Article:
Incoming "BASCAS replies" from aircraft within a 15 NM radius, (it is generally desirable to limit the reception of replies to only those aircraft within 15 NM), are detected by the receiver of the challenging BASCAS unit. The altitude of the replies are compared to the stored Mode C altitude code. If the code comparison indicates less than typically a 500 feet altitude separation, the pilot alert buzzer 15 is activated when successive reply returns are occurring in progressively shorter time intervals indicating that the co-altitude aircraft is closing in range with the challenging aircraft.
The switch 12, appropriate for the particular aircraft, is mounted onto or near the aircraft landing gear such that lowering of the gear provides an inhibiting signal to the BASCAS unit. Inhibiting of BASCAS operation on or very near the ground, i.e., both interrogations and replies, prevents unwanted operation and reduces the chances for false alarms. The BASCAS unit can accept an altitude code from the aircraft altimeter, if the altimeter provides such output, which will inhibit the DIVE light at low altitudes. The BASCAS unit power ON-OFF switch is normally left in the ON position; however, the unit can be turned off, if required by FAA, within controlled air space.
Generally, it has been found desirable to alert the pilot by a warning tone in his headset 20 in addition to the warning provided by the indicator control panel buzzer 15.
In addition to aurally warning the pilot of an impending collision, the BASCAS unit also analyzes the stored and incoming reply altitude codes to determine the best collision avoidance maneuver. The appropriate light, 16 or 17, CLIMB or DIVE, will illuminate on the cockpit BASCAS panel, depending upon whether the opposing aircraft is below or above the challenger.
In the following detailed discussion of a typical specific embodiment of the invention generally preferred frequencies, repetion rates, amplitudes, ranges, duty cycles and other necessary parameters will be given in specific dimensions. It is to be understood that these figures and the examples of operation are set forth by way of illustration and that only if so stated are the mentioned values critical. It is also to be understood that these enumerated values are stated to present an example and are not to be considered limiting to the scope of the invention which is set forth in the appended claims. The operation of the invention is described in cooperation with the currently FAA accepted and in-use ATCRBS parameters. For use with different ATCRBS parameters, those skilled in the art will readily adapt the disclosed device, all within the scope of the contemplated invention.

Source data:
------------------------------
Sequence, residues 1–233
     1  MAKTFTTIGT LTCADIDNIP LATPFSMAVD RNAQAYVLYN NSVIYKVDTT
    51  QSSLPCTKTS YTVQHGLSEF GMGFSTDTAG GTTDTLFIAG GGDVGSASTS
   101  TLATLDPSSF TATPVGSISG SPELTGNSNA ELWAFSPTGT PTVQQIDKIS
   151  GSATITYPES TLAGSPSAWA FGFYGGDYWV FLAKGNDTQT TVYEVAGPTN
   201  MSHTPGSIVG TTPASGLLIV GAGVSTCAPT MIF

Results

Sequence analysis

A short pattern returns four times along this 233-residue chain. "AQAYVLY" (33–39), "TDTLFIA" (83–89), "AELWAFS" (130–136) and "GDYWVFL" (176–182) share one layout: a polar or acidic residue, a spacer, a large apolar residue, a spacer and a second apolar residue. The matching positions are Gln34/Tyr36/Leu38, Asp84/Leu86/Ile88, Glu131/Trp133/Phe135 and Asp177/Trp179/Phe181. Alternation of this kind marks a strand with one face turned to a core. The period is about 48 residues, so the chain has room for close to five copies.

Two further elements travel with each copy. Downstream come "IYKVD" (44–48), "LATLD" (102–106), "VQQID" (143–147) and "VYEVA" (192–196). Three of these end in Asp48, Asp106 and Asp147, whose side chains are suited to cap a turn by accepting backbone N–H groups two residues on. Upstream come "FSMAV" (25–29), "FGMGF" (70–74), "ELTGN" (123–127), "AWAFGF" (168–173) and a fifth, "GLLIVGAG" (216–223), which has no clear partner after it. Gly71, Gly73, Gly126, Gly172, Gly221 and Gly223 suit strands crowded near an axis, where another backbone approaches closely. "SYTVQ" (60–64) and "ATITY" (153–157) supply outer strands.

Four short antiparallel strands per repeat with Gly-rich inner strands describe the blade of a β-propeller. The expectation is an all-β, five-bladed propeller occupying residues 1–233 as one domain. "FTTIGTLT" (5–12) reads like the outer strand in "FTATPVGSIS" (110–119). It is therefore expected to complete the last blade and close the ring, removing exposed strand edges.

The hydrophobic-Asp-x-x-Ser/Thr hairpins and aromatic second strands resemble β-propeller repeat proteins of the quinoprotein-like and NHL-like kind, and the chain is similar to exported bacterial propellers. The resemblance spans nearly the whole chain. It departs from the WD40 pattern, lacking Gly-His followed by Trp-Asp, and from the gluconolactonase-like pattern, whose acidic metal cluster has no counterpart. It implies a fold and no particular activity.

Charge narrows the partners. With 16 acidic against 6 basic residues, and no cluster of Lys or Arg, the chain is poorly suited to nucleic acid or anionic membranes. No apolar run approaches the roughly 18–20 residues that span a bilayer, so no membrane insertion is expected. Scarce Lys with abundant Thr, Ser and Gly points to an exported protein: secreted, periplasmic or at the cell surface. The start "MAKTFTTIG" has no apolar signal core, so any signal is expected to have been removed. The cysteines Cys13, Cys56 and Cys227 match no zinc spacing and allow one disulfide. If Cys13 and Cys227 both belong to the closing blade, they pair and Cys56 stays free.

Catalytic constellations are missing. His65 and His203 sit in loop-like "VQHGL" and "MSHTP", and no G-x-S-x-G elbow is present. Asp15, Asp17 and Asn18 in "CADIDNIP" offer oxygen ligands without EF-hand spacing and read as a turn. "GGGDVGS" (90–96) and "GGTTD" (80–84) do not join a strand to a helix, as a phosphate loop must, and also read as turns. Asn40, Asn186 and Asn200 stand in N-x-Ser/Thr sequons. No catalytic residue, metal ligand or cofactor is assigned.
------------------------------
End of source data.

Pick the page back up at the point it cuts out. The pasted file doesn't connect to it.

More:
The basic operation of BASCAS is illustrated in simplified schematic form in FIGS. 3, 3a, and 3b. Two aircraft 30 and 28 are in mid-air flight at a separation of approximately 15 nautical miles. The BASCAS unit 31 of aircraft 30 self interrogates its associated ATC transponder 29 and causes a BASCAS interrogation signal as shown in FIG. 3a to be radiated. The interrogation signal 32 is self mode C reply of conventional Mode C characteristics, i.e., a 20.3 μsec signal pulse train at 1090 MHz having standard 0.45 μsec bracket pulses 33 and 34 with conventional altitude code pulse train 35; except for the fact that the pulse train carries a 5 MHz modulation.
The BASCAS unit 36 in aircraft 28 recognizes this Mode C signal that has a 5 MHz modulation on pulse characteristic as a challenging signal and causes its associated ATC transponder 37 to generate a standard Mode C reply onto which the BASCAS unit 36 places a 10 MHz modulation. The reply signal from aircraft 28 is represented by FIG. 3b. The reply signal as shown in FIG. 3b comprises, 0.45 μsecond pulses spaced apart 20.3 μseconds, bracket pulses 38 and 39 and the coded altitude pulses 40 (indicating aircraft 28's altitude). It is a conventional 1090 MHz Mode C reply signal except for having the 10 MHz modulation on the pulses.